Civil rights leader Martin Luther King Jr. inspired a nation to change largely through his riveting speeches. Considered one of the greatest orators in United States history, his thoughts on racial equality have been repeated by many speakers throughout the years since his assassination. His skill with words powered King’s nonviolent battle for integration and equal rights. Here are 10 quotations from the eminently quotable activist.
1. He who passively accepts evil is as much involved in it as he who helps to perpetrate it. — “Stride Toward Freedom,” 1958.
2. The ultimate measure of a man is not where he stands in moments of comfort and convenience, but where he stands at times of challenge and controversy. — “Strength to Love,” 1963.
3. Injustice anywhere is a threat to justice everywhere. — “Letter from Birmingham Jail,” April 16, 1963.
4. Nothing in the world is more dangerous than sincere ignorance and conscientious stupidity. — “Strength to Love,” 1963.
5. Freedom is never voluntarily given by the oppressor. — “Letter from Birmingham Jail,” April 16, 1963.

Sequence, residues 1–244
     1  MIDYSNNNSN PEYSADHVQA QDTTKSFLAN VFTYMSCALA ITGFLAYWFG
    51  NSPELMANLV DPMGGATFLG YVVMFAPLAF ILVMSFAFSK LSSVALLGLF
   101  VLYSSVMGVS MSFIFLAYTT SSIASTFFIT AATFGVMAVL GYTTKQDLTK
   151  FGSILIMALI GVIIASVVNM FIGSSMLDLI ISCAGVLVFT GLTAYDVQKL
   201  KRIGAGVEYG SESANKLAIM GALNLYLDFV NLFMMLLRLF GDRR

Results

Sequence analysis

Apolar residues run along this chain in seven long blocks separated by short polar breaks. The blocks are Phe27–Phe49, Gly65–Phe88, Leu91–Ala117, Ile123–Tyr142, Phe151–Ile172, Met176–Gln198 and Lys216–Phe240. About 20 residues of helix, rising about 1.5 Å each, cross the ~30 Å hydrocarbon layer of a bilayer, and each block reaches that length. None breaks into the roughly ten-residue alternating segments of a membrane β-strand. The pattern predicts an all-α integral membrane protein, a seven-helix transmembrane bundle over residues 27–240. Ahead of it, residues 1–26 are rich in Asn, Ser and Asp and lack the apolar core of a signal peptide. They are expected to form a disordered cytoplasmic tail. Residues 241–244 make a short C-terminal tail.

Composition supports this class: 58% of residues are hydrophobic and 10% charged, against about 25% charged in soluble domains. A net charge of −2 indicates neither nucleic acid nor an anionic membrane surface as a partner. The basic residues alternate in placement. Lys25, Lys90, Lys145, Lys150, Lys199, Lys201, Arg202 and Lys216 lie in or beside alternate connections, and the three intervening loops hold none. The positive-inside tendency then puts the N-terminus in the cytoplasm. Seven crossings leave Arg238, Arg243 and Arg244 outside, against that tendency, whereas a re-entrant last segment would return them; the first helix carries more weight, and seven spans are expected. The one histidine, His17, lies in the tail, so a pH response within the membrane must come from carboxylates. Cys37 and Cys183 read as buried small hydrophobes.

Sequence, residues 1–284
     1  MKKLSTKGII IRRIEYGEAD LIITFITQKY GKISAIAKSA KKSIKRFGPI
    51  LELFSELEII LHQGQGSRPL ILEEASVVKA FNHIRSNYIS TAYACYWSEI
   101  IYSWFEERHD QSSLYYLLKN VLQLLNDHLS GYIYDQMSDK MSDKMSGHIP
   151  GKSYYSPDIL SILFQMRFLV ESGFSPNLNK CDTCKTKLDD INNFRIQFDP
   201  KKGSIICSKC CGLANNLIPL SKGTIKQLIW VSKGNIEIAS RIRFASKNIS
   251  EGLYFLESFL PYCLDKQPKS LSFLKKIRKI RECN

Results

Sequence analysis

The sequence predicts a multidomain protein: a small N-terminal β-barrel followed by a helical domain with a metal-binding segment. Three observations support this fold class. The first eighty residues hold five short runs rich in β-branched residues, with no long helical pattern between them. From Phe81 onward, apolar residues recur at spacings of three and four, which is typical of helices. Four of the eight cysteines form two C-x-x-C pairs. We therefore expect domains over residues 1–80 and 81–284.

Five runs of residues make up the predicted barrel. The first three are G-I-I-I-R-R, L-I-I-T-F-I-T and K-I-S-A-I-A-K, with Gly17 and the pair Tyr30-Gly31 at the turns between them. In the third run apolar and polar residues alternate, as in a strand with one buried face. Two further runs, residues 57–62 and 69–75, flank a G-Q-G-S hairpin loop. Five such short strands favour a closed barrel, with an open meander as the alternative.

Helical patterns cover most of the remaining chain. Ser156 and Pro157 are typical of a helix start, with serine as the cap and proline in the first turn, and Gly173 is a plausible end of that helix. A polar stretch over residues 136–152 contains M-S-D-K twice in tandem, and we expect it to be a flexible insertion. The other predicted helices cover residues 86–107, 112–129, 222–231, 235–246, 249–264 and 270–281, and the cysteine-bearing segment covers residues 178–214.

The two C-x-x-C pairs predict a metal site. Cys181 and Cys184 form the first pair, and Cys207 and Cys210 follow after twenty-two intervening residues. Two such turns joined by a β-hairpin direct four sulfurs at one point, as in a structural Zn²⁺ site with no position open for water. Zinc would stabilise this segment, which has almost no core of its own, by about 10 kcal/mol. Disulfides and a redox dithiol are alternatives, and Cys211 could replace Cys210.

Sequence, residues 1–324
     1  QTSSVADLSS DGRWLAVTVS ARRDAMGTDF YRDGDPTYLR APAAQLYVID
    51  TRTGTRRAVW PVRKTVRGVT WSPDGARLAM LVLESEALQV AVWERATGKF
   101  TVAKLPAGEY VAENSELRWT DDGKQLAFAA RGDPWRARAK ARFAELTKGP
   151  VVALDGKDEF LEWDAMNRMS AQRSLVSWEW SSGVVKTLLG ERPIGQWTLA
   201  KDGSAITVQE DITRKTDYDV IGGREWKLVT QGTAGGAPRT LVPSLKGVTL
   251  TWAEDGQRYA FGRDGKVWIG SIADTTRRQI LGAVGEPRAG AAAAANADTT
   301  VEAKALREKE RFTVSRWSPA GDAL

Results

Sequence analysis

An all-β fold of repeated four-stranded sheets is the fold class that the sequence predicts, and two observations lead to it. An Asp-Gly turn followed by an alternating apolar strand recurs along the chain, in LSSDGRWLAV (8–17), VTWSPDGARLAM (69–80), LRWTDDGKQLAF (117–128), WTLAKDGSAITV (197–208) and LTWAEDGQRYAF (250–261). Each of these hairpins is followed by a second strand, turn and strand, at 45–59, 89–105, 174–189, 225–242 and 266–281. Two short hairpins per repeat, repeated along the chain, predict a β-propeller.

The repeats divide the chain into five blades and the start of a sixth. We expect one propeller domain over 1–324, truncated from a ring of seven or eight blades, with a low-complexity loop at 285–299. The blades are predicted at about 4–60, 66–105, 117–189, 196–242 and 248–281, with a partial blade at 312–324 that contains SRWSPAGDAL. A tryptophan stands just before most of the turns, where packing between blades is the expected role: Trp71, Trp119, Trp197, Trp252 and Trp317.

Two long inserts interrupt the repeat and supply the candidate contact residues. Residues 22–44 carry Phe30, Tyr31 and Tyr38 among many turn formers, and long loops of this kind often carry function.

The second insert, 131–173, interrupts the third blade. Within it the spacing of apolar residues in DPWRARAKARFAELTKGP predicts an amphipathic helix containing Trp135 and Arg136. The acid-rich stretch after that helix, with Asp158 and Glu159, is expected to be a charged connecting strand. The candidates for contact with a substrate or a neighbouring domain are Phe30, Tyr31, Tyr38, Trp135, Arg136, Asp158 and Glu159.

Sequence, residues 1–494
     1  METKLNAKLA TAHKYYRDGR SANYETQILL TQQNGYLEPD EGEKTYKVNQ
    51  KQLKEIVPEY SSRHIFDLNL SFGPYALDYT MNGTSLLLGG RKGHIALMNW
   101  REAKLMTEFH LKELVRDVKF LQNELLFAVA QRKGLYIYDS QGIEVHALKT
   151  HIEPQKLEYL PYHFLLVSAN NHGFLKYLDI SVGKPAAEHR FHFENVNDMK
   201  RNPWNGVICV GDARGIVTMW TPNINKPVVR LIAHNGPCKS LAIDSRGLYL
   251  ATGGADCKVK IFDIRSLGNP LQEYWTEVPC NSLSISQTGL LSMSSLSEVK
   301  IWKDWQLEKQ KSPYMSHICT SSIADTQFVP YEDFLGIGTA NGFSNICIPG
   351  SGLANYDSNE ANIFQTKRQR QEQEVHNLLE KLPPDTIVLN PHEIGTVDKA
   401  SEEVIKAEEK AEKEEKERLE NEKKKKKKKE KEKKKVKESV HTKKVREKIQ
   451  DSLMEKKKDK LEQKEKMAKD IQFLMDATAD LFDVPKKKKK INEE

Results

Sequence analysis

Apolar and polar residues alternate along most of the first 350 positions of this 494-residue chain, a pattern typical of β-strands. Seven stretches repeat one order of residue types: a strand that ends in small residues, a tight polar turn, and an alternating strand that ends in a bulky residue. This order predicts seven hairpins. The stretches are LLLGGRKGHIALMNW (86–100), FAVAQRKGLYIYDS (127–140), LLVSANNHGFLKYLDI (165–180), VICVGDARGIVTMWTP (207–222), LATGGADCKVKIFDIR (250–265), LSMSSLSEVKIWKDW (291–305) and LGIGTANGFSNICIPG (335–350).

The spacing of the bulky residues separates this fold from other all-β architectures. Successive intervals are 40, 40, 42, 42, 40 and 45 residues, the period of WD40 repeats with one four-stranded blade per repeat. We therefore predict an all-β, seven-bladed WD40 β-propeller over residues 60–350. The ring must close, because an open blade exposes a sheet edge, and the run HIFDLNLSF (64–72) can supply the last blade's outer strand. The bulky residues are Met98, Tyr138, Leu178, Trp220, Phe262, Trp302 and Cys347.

6. The means by which we live have outdistanced the ends for which we live. Our scientific power has outrun our spiritual power. We have guided missiles and misguided men. — “Strength to Love,” 1963.
7. Nonviolent direct action seeks to create such a crisis and foster such a tension that a community which has constantly refused to negotiate is forced to confront the issue. — “Letter from Birmingham Jail,” April 16, 1963.
8. I have a dream that my four little children will one day live in a nation where they will not be judged by the color of their skin but by the content of their character. — “I Have a Dream,” civil rights march on Washington, D.C., August 28, 1963. (Source: The New York Times)
9. Nonviolence is a powerful and just weapon. It is a weapon unique in history, which cuts without wounding and ennobles the man who wields it. It is a sword that heals. — “Why We Can’t Wait,” 1964.
10. The security we profess to seek in foreign adventures we will lose in our decaying cities. — [Referring to U.S. Vietnam policy.] Address at Riverside Church, New York. (Source: History Today, April 1998)